The Maple Ridge Pitt Meadows superintendent of schools is warning students and their families about changing restrictions and quarantine measures if they are planning to travel this holiday season.
In a letter Harry Dhillon recommended those with travel plans to visit the Government of Canada website to make sure they are up-to-date on all the latest rules and restrictions.
Dhillon also recommended families check information about travel-related testing and quarantine requirements for unvaccinated children under the age of 12 and unvaccinated youth before being able to return to school.
As of Tuesday, Dec. 21, every Canadian returning from a short trip must take a molecular pre-entry test – a test that must be taken outside of Canada. Although the federal government is asking everyone to avoid non-essential travel, regardless of vaccination status.
Anyone travelling outside of Canada must fill out an ArriveCAN form, even fully vaccinated travellers. And the government is also asking travellers to complete their COVID-19 vaccine series, along with any recommended doses, at least 14 days before travelling.
According to the Government of Canada website, unvaccinated or not fully vaccinated children under 12 must complete pre-entry, arrival and Day-8 tests, unless there is evidence that the child had a positive COVID-19 test taken 14 to 180 days prior to arrival in Canada or the child is under five years of age.
For the next 14 days, the children must also:
• not attend school, camp, team sports or daycare
• not attend large or crowded settings, indoors or outdoors, such as an amusement park or sporting event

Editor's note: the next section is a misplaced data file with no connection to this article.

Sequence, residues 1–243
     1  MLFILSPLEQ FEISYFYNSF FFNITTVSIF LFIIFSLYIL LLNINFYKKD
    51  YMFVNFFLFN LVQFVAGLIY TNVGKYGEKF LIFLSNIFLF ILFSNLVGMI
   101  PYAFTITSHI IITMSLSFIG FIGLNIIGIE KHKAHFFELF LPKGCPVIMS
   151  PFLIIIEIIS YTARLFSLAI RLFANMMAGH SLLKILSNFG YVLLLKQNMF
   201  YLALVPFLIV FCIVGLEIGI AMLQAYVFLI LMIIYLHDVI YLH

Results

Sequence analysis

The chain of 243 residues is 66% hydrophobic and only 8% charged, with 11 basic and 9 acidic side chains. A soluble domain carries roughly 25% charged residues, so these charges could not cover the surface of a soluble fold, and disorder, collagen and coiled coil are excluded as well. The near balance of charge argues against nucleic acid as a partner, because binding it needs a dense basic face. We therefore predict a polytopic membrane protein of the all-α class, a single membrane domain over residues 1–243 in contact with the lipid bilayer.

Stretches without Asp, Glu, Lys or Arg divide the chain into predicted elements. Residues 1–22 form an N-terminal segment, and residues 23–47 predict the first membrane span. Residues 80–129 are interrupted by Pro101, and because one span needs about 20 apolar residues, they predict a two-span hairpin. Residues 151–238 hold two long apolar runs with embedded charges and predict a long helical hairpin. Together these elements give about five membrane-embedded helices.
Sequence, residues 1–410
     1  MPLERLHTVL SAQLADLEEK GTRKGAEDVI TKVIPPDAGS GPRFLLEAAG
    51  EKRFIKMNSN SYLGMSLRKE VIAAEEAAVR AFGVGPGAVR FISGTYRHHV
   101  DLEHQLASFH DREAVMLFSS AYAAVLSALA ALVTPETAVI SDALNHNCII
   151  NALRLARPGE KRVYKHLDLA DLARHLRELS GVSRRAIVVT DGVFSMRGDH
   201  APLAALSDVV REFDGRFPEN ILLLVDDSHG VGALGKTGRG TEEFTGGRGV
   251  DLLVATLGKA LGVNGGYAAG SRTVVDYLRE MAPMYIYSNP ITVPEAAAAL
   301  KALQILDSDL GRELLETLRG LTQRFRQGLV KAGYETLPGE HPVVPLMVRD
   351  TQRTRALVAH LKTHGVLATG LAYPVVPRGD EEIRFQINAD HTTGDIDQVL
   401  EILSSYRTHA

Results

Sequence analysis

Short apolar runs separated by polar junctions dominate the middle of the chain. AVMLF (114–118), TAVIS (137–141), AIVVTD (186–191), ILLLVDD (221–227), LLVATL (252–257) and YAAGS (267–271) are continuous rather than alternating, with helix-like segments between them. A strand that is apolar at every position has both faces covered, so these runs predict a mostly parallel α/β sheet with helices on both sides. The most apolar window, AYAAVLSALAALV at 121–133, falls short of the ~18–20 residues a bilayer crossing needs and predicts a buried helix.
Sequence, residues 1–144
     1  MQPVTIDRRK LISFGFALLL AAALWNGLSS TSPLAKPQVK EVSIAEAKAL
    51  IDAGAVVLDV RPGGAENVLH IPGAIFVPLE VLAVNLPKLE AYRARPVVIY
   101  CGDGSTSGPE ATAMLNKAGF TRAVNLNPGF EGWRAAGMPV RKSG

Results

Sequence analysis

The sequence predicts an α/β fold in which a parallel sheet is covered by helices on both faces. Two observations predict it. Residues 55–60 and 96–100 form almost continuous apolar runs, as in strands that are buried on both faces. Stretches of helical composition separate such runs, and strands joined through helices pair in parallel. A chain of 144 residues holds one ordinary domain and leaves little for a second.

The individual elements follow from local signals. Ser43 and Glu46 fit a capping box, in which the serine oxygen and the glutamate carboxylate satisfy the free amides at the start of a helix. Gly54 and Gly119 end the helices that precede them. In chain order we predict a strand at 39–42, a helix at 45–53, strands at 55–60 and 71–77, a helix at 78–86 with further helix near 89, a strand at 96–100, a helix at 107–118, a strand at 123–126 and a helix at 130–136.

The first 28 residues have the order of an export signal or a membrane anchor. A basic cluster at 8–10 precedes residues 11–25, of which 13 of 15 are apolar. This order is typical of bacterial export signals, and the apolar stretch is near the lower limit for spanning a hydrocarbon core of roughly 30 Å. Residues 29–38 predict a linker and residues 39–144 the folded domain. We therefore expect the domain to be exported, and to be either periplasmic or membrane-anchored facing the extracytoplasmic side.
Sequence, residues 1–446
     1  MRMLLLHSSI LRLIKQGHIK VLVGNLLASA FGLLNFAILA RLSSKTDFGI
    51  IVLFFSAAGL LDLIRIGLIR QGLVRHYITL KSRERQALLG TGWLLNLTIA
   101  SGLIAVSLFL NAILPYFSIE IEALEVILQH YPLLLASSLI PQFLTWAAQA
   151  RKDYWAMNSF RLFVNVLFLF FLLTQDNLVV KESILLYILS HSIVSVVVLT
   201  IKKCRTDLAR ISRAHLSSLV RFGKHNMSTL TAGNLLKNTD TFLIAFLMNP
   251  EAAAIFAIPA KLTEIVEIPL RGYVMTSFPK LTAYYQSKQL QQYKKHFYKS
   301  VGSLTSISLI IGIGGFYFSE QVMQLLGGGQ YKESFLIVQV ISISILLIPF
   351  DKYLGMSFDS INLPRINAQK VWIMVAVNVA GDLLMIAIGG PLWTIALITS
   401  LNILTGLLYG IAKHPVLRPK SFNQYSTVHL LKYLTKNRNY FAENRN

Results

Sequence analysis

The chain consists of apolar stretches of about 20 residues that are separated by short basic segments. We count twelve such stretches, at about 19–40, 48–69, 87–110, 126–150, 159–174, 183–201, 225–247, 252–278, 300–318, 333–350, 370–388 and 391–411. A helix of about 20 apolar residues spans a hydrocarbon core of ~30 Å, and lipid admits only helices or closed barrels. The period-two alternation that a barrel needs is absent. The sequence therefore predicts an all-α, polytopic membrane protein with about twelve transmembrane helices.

• not take buses, subways, trains or other crowded transportation
• not attend a setting where they may have contact with vulnerable people (e.g. long term care facility), including people who are immunocompromised, regardless of that person’s vaccination status or public health measures
• and stay in a place that allows the child to avoid all contact with any person with an underlying medical condition that makes the person susceptible to complications related to COVID-19, has a compromised immune system from a medical condition or treatment, or is 65 years of age or older.
“I recognize this last year, like the one before, has been a challenge for students and families,” said Dhillon as he wished the student community a joyful and relaxing holiday season.
“Despite these obstacles, your patience and perseverance has helped bring a sense of normalcy to our school communities and I look forward to following with great pride the continued success and accomplishments of our students in the new year.”
“As we get ready for some much-needed time off, I want to wish all of you a safe and happy holiday. Our school communities are looking forward to welcoming students back to their classrooms on Monday, January 3, 2022, after this well-deserved break,” he said.
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